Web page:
Egypt in Dubai


One of the oldest and all-time favorites luxury fashion focused malls in Dubai is Wafi. Its modern interpretation of Egyptian architecture is translated through intricate pillars, various mosaics and carvings throughout the mall.

One of its most beautiful intricate features is its stained-glass ceilings located near Wafi gourmet. Its serves as a skylight and a visual story, as we can see in its mini-scenes of people in its setting. We can see the ancient style of Egyptian artwork is maintained as the people portrayed are put into profile view. This angle is observed in various spots in the pyramids at Giza and tombs.

If you want to go to Wafi


Dining with a mesmerizing view


One of the most loveliest fusion dining experiences in Dubai is Qbara. It is housed where Planet Hollywood used to be, next to Raffles Hotel. Qbara evokes a contemporary stylist Arabic setting. It boasts two levels whilst ensuring a double-height for the ground floor, giving a treat to the eyes from wherever you are seated.

The main artistic highlight of Qbara is the double-height wall behind the bar which showcases a 3D mapping projection. The wall is made up of different engraved wooden panels. The projection serves to lift the panels off the wall to appear three dimensionally and move. Your eyes follow the motion and are constantly fooled by its animation.

In my opinion, it takes inspiration from the 3D projection done on the Saks Fifth Avenue building in New York. It follows a similar show by beautifully executing the visualization.

3D Mapping Projection at Qbara

3D Mapping Projection at Qbara

The projections vary after that sequence. It transcends to a silhouette of a man who is running and appears to be hamster wheel. The man progresses to surf and do different actions. At one moment you can also see the iconic Beatles pose crossing the road, silhouetted of course. Later you can also spot cartoon characters.

This set is very reminiscent of the title sequences seen in the movie “Catch me if you can” and the show “Mad Men”.  You see Saul Bass’s graphic style in modern day title sequences. He is an American graphic designer best known for his title sequences such as “The Man with the Golden Arm”.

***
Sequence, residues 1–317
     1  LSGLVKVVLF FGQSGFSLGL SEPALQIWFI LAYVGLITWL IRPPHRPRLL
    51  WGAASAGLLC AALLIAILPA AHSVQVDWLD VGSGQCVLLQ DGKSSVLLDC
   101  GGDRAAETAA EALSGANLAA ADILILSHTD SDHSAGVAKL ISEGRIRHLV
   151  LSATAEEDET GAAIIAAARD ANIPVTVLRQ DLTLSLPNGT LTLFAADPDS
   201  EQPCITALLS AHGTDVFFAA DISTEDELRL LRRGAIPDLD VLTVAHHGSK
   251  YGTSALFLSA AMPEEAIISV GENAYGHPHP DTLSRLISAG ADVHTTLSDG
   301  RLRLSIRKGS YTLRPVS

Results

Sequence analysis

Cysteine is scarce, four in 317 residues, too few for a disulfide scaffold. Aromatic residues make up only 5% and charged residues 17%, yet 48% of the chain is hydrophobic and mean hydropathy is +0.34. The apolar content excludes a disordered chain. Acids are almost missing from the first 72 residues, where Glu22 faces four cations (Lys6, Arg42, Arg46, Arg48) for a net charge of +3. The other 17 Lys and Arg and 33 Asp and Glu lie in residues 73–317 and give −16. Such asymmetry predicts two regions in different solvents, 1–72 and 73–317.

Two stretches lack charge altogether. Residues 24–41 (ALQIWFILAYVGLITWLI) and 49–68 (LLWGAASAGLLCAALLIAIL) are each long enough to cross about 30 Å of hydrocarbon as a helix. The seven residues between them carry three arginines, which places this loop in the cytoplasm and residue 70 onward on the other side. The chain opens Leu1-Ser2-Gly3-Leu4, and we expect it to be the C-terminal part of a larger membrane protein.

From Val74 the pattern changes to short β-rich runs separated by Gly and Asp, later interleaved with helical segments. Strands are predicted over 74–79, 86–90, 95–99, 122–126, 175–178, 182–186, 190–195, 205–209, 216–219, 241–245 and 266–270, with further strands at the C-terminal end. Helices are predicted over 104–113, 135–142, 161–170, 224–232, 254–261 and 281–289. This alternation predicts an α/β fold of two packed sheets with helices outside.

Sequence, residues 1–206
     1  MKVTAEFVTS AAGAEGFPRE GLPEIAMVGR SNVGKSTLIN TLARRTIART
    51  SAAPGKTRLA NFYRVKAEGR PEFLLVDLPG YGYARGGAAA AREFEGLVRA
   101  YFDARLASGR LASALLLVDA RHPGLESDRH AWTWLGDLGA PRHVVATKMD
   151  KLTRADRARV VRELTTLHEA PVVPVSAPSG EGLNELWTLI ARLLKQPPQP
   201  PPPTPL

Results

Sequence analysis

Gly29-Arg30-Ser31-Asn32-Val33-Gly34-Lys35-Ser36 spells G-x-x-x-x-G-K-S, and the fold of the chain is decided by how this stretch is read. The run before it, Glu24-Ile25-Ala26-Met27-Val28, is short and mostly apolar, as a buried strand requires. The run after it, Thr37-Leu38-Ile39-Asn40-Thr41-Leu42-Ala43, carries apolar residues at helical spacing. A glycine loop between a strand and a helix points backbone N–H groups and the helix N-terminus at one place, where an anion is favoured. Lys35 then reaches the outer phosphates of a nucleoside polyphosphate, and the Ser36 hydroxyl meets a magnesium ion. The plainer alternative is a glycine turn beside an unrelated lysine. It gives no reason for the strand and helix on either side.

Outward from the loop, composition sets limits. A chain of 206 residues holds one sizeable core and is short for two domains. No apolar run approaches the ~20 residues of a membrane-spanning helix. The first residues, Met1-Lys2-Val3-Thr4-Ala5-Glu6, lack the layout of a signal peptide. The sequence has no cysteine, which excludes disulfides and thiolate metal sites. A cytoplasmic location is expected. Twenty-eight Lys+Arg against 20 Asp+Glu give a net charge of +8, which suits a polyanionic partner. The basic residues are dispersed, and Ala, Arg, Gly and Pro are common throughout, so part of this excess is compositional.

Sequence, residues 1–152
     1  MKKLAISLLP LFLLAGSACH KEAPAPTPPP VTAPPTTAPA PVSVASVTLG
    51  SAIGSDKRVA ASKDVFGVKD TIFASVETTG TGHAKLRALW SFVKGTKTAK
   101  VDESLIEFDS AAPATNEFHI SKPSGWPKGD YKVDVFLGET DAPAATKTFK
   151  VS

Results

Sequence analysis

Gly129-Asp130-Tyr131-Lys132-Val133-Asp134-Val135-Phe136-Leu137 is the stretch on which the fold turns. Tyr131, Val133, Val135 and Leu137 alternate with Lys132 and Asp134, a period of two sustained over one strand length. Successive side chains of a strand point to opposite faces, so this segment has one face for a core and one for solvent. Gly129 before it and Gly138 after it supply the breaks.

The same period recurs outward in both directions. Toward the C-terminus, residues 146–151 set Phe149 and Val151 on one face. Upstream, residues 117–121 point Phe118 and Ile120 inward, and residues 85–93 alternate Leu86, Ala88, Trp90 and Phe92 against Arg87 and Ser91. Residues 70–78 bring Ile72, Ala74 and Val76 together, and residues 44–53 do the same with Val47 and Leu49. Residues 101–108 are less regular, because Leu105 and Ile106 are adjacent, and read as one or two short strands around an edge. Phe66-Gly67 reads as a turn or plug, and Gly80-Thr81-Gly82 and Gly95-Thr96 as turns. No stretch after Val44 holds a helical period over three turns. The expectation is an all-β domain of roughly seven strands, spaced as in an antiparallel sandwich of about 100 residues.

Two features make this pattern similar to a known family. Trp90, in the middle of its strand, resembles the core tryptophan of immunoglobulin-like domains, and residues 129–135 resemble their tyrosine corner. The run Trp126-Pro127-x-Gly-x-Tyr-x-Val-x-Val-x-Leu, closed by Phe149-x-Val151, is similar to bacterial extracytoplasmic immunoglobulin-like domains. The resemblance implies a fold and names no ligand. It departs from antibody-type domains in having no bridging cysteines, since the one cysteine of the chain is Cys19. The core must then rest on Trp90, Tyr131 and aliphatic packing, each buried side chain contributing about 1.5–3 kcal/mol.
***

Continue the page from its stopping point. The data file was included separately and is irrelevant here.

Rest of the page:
Go and immerse yourself into its content and let your imagination interpret its meaning. Personally for me, the silhouetted treatment means it can help anyone relate to its identity. Thus people can imagine doing the actions or being in the situations that the animation unfolds such as running in a circular wheel, caught in a tidal wave or even hitting a dead end.

If you want to visit Qbara


Funky Typography


I’ve spotted some lovely type treatments lately.

This one is situated at Story Rooftop Lounge. The seemingly handwritten illustrative type which is shadowed as well. You have to decipher a few of the letters, which makes you read it slower and absorb the message.

This wall at Tom&Serg is a combination of handwritten and block letters to give a casual tone. Its rustic in its look and informal in language. The wall is overcrowded and you lose focus on which message, but that’s kind of the point. You have a little deciphering to do.

This piece I spotted at Spin Dubai, the words were carefully made up of suspended vertical chains. When stood from afar, you can read more of the messages, and up close you can see the tiny chains that compose the message. Very interesting choice of medium.

Lastly, the poster that has been appropriated multiple times. I saw this one at a store in Atlantis Dubai. Same type treatment, different message. Move a little closer and you’ll see the humor.

Overall, I’ve noticed that not letting the whole message be so legible can work in your favor to make it intriguing and creative.

If you want to go to Story Rooftop Lounge

If you want to go to Tom&Serg

If you want to go to Spin Dubai

If you want to go to Atlantis



Unexpected billboard mediums


When you drive towards Ras-Al-Khaimah from Umm Al Quwain, you will find an old abandoned airplane parked in the sand near Barracuda Beach Resort.

Its story is not well-known. Some claim that it was forced to land due to shortage of fuel, whereas some say it was Soviet built and naturally reached the end of its days after being sold to many airlines.

The airplane is not branded however it has been repurposed as a signboard for Palma Beach Hotel. I find it interesting how it had an unexpected afterlife as a billboard.

It makes us think what can we do with our bulky and big scrap items?

Market OTB, which stands for Market out of the box, was held at Burj Plaza during Dubai Shopping Festival 2014. It involved local shops, designers & eateries set up in container crates. I was fascinated by how this was used as a housing medium. Spacious, protective and large surface area gave participants of the market the opportunity to customize each of their respective boxes. Look at Joseph Manata’s piece:

A couple of weeks ago, I spotted a mobile billboard for du the telecom provider at Citywalk. It used an old and modern model of the Beetle parked next to each other to convey its message. The vintage car carried the copy “Don’t be stuck in your old world” while the new model had the words “Keep your 050 number and change to du”

Even in a developing city such as Dubai, where a lot of things are fairly new and polished, we can still find rustic things that make charming pieces of art.